"Weasel words" are a collection of words and phrases used in informative and technical writing to avoid completely committing to a statement. If the writer can't say for sure that something is going on, you will see weasel words inserted to reflect the author's confidence. I am most familiar with their use in intelligence briefs, where their placement is something of an art. They generally refer to the degree to which the author is willing to commit to a fact's veracity, and rather than being used to make an assertion, they are mostly used to avoid making an assertion, while still leaving an impression. The downside to weasel words is that they add nuance to a statement which may not be perceived by a careless audience, and if taken out of context, "weaseled" statements end up sounding like assertions that the author never intended.

The phrase comes from that unfortunate and all-too-common scenario, where an author will be slightly misquoted. The nuance of his statement is lost, and when questioned later, the author will usually respond with "I never said that." The perception of the careless audience member is that the author is now being a "weasel" and arguing semantics - but weasel words are used to add precision to a statement when every little ounce of fact counts. The author probably spent hours agonizing over the structure of each sentence, and so will be very upset if his or her words are being misconstrued.

Some key weasel words are might, could, possibly, probably, may, likely, very likely, and unlikely. Let's take a look at a few lines from a relatively well-known intelligence report: "Iraq's Weapons of Mass Destruction Programs". The unclassified version was published by the CIA in October 2002, but it is probable that the document was available in a classified format much earlier. This excerpt is from the "Key Judgments" section:

(U) Baghdad has begun renewed production of chemical warfare agents, probably including mustard, sarin, cyclosarin, and VX. Its capability was reduced during the UNSCOM inspections and is probably more limited now than it was at the time of the Gulf War, although VX production and agent storage life probably have been improved.

The important thing to note is that this paragraph probably would sound very alarming to someone if it were read quickly during the evening news, but does not actually make many assertions. The assertions the author(s) make are limited to the following:

  • Baghdad has begun renewed production of WMDs.
  • These WMDs probably (but not for sure!) include x,y,z, etc.
  • Baghdad's capabilities were reduced during the UNSCOM inspections...
  • ...and are probably (but not for sure!) lower than before the Gulf War.
  • Their ability to produce VX and store it probably (you get the point!) have been improved.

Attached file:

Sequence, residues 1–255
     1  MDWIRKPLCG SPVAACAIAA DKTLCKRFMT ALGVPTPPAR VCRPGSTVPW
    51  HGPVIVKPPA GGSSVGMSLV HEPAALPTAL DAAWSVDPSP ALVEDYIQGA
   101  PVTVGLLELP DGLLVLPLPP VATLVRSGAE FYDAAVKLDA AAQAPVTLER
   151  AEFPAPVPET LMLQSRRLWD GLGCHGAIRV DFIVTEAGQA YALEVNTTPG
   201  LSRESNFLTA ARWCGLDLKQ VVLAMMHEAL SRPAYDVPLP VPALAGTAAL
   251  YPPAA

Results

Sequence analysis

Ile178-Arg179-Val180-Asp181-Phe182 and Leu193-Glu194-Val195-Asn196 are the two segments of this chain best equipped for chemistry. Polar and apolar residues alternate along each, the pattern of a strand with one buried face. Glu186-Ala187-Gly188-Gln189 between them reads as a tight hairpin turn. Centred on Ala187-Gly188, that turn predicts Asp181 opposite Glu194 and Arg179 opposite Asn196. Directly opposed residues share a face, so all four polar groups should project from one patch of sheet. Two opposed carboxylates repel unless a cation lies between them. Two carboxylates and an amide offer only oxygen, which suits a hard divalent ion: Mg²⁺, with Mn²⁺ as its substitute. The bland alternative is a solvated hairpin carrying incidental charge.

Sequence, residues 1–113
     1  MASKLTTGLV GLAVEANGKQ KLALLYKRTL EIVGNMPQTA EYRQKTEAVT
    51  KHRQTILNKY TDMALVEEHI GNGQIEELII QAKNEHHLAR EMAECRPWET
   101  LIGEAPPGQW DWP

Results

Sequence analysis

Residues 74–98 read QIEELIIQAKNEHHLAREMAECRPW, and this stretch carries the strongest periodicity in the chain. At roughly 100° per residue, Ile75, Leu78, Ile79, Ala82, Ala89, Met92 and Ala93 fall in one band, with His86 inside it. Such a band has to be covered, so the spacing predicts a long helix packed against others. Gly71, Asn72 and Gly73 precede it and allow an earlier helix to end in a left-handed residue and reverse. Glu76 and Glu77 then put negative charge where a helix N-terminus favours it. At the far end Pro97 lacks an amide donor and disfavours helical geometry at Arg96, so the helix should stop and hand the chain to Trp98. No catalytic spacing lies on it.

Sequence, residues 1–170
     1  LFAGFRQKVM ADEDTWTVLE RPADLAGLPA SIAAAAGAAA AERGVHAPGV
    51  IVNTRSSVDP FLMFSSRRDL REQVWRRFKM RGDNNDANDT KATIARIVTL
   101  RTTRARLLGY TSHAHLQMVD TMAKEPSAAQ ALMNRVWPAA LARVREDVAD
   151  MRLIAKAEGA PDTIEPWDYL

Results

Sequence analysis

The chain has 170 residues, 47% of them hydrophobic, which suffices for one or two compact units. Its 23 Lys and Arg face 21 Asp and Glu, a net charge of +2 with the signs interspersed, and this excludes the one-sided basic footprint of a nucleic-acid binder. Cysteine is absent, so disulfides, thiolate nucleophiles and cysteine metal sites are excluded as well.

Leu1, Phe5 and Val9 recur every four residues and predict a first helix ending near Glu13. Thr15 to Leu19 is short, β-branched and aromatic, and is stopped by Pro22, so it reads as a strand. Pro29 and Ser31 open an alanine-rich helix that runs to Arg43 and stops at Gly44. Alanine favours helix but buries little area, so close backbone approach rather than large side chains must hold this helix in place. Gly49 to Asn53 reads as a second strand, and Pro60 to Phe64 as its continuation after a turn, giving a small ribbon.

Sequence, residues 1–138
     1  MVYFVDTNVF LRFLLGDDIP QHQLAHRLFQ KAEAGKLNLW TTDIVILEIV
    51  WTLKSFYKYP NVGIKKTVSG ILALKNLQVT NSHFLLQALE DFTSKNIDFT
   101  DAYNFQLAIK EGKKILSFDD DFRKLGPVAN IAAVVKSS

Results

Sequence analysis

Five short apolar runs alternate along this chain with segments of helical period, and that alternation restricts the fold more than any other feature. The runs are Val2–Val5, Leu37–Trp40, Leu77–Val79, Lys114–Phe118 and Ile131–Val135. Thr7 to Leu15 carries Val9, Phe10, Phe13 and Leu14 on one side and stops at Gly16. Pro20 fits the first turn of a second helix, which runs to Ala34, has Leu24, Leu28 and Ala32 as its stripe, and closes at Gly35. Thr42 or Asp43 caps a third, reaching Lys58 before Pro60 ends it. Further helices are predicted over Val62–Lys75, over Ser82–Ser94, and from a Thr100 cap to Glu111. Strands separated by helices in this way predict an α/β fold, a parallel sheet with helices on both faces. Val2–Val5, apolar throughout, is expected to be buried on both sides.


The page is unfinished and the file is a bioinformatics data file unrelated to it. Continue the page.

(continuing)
Only two of those state facts which are known (and of those two facts, one was retracted in a later report). Authors use weasel words primarily to clarify what is known and unknown, but they become more weasel-like when they are used to give a political spin to a statement. A sentence incorporating weasel words is usually placed in context within a larger document so that each sentence qualifies and places a slight cant on each other sentence. Assembling a report is a delicate process, and taking items out of context can have disastrous results. Take, for example, the following lines from the same source:

If Baghdad acquires sufficient weapons-grade fissile material from abroad, it could make a nuclear weapon within a year. Without such material from abroad, Iraq probably would not be able to make a weapon until the last half of the decade. Iraq's aggressive attempts to obtain proscribed high-strength aluminum tubes are of significant concern. All intelligence experts agree that Iraq is seeking nuclear weapons and that these tubes could be used in a centrifuge enrichment program. Most intelligence specialists assess this to be the intended use, but some believe that these tubes are probably intended for conventional weapons programs.

The first two sentences are placed in that order to imply intent, but to starkly qualify what is and is not within the grasp of their technology. Those two sentences taken together say "that's a pretty big IF". Note also that the last sentence qualifies the degree to which the CIA and the intelligence community were willing to commit to the use of the infamous aluminum tubes. Contrast that with President Bush's speech before the United Nations on September 12, 2002 (note that he likely had a copy of the October report before the unclassified version was published):

Iraq employs capable nuclear scientists and technicians. It retains physical infrastructure needed to build a nuclear weapon. Iraq has made several attempts to buy high-strength aluminum tubes used to enrich uranium for a nuclear weapon. Should Iraq acquire fissile material, it would be able to build a nuclear weapon within a year. And Iraq's state-controlled media has reported numerous meetings between Saddam Hussein and his nuclear scientists, leaving little doubt about his continued appetite for these weapons.

This is speech-writing at its best, and intelligence authoring at its worst. The CIA document was intended to be informational; the UN speech was intended to persuade. Intelligence is meant to state fact, not decide policy, but because intelligence reports can be used as sources in a speech, it is important for all good analysts to include their weasel words. Should the speech writer leave them out, or state a weaseled sentence out of context, the shades of meaning may be lost. It is probable that a very gray statement could suddenly appear black and white, which is what speech-writers are often paid to do.